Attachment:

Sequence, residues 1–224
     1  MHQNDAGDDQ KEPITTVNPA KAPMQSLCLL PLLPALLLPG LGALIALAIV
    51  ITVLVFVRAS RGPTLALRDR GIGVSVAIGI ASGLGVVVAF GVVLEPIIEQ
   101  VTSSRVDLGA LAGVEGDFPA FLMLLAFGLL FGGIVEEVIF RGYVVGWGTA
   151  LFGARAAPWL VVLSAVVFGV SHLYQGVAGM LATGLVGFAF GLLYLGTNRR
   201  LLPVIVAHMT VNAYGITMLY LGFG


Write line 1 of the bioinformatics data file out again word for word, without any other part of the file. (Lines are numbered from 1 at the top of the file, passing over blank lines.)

Sequence, residues 1–224